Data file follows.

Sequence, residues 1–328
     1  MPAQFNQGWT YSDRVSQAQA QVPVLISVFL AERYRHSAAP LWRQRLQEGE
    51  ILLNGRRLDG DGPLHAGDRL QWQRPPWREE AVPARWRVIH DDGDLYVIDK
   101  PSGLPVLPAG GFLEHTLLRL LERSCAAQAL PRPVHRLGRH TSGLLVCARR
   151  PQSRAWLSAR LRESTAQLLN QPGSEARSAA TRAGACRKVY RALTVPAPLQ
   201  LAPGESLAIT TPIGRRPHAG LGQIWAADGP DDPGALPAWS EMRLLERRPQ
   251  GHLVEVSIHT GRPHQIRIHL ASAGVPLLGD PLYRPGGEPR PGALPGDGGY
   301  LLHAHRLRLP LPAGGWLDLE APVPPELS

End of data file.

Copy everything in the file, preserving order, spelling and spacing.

Sequence, residues 1–328
     1  MPAQFNQGWT YSDRVSQAQA QVPVLISVFL AERYRHSAAP LWRQRLQEGE
    51  ILLNGRRLDG DGPLHAGDRL QWQRPPWREE AVPARWRVIH DDGDLYVIDK
   101  PSGLPVLPAG GFLEHTLLRL LERSCAAQAL PRPVHRLGRH TSGLLVCARR
   151  PQSRAWLSAR LRESTAQLLN QPGSEARSAA TRAGACRKVY RALTVPAPLQ
   201  LAPGESLAIT TPIGRRPHAG LGQIWAADGP DDPGALPAWS EMRLLERRPQ
   251  GHLVEVSIHT GRPHQIRIHL ASAGVPLLGD PLYRPGGEPR PGALPGDGGY
   301  LLHAHRLRLP LPAGGWLDLE APVPPELS